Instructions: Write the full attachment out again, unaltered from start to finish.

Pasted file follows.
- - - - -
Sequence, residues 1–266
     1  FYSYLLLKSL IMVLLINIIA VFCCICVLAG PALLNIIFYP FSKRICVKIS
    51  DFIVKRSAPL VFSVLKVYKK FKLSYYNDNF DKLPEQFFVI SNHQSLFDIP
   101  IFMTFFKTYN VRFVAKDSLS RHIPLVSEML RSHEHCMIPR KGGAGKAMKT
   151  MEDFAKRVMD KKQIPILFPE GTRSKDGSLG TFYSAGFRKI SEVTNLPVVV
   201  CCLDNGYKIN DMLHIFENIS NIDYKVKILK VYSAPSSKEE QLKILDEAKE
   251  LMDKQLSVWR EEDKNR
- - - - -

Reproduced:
Sequence, residues 1–266
     1  FYSYLLLKSL IMVLLINIIA VFCCICVLAG PALLNIIFYP FSKRICVKIS
    51  DFIVKRSAPL VFSVLKVYKK FKLSYYNDNF DKLPEQFFVI SNHQSLFDIP
   101  IFMTFFKTYN VRFVAKDSLS RHIPLVSEML RSHEHCMIPR KGGAGKAMKT
   151  MEDFAKRVMD KKQIPILFPE GTRSKDGSLG TFYSAGFRKI SEVTNLPVVV
   201  CCLDNGYKIN DMLHIFENIS NIDYKVKILK VYSAPSSKEE QLKILDEAKE
   251  LMDKQLSVWR EEDKNR